The Ramonat Seminar in American Catholic History and Culture is an interdisciplinary, two-semester course that provides Loyola undergraduates with the unique opportunity to explore changing topics within American Catholic history through hands-on research. Taught alternately by a Loyola faculty member or a recent PhD in Catholic History, the seminar is limited to 12 participants who pursue common readings in the fall semester and individual research projects in the spring semester. Unlike standard undergraduate courses, the Ramonat Seminar provides promising students, who will be named Ramonat Scholars, with resources for research, travel, and even publication in digital and print formats, all aimed at their general professional development. The best final research paper or digital project from each year’s seminar, to be voted on by a panel of three judges from among the faculty of the University, will win The Susan Ramonat Prize for Scholarly Excellence.
2018-2019 Catholics and Catholicism in American Politics
The 2018-2019 academic year is a perfect moment to offer a Ramonat Seminar focused on American Politics and how Catholics and Catholicism shaped twentieth-century politics at the local, state, and federal level. There will be a midterm election in Fall 2018 and a Chicago mayoral election in Spring 2019. Readings and speakers will explore how Catholics shaped Chicago’s ward politics from the Progressive Era through the two Daley machines, how Catholics across Illinois brought their faith and sensibilities to the legislature, and how Catholics and Catholicism factored in the transformation of American politics. A major feature of this course must accordingly be the hostility Catholics, their parishes, and their elected representatives faced, providing insights into the struggles Catholics had in attaining legal voting rights, securing protection against religious discrimination at home and at work, as well as being broadly recognized as a vital, legitimate part of the American polity. An examination of twentieth-century local, state, and national politics will accordingly show students how the face of American Catholicism dramatically changed from the Irish and Italian immigrants to the Latino and South Asian immigrants who have recently won elected office through the Republican and Democratic parties.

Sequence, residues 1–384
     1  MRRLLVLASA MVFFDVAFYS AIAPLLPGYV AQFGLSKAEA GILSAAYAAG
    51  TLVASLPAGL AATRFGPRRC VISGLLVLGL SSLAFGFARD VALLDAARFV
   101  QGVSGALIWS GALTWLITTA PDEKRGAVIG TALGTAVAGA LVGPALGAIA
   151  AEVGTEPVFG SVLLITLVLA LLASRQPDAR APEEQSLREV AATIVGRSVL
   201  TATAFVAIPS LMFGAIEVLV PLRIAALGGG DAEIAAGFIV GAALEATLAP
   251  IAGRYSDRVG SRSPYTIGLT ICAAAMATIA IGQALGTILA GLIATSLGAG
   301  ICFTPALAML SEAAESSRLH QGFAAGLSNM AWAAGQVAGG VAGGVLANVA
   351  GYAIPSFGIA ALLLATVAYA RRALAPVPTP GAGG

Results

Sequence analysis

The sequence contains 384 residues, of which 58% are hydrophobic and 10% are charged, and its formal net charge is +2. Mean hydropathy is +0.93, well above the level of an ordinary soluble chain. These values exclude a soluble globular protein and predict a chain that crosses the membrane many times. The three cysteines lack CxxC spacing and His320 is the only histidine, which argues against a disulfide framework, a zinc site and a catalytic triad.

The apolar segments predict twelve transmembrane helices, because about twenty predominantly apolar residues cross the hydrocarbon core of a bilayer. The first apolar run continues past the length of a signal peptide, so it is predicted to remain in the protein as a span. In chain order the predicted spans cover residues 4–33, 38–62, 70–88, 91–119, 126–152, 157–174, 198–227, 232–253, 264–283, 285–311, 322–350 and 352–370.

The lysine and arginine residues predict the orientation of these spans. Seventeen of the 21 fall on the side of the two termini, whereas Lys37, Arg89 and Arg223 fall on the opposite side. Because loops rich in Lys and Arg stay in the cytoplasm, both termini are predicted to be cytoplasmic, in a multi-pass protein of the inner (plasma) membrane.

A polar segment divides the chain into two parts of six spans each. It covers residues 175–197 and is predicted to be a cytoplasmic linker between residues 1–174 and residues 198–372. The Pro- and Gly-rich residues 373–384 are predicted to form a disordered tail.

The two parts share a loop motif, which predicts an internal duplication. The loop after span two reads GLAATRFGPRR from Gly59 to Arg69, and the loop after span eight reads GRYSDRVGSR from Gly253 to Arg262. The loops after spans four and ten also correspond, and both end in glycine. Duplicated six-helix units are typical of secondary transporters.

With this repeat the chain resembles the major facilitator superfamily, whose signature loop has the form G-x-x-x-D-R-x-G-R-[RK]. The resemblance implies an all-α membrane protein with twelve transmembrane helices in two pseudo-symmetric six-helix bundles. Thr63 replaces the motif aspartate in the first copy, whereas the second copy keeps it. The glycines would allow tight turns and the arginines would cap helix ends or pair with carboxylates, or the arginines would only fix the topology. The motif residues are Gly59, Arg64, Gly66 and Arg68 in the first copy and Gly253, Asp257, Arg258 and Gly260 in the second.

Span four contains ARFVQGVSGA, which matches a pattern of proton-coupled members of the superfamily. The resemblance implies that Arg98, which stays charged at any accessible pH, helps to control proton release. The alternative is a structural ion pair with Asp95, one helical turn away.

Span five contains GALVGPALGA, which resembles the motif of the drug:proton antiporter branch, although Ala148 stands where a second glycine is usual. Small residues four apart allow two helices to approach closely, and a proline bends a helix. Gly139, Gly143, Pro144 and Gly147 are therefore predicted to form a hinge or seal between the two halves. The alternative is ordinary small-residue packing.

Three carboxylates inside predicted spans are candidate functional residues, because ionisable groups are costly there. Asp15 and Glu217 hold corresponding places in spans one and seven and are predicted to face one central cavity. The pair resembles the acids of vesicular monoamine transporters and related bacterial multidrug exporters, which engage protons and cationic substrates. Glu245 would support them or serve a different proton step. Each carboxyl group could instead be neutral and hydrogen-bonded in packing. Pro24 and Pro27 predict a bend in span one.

These speakers as well as the scheduled elections will give Ramonat Scholars a range of possible topics to explore in Spring 2019. Students could, for example, write research papers on Catholics important to local, state, and nation affairs, whether they chose to focus on major elections, movements, policymaking, or reform efforts. Ramonant resources could also help undergraduates explore shifts within Catholic voters, either in specific cities or states or a more comparative project. For the latter, students could explore how Democratic, Republican, radical, or nonpartisan Catholics differed on major issues (such as busing, federal support for parochial schools, and affirmative action) across time or perhaps even place.
Elizabeth Tandy Shermer, Assistant Professor of History
Ruby Oram, PhD Candidate in History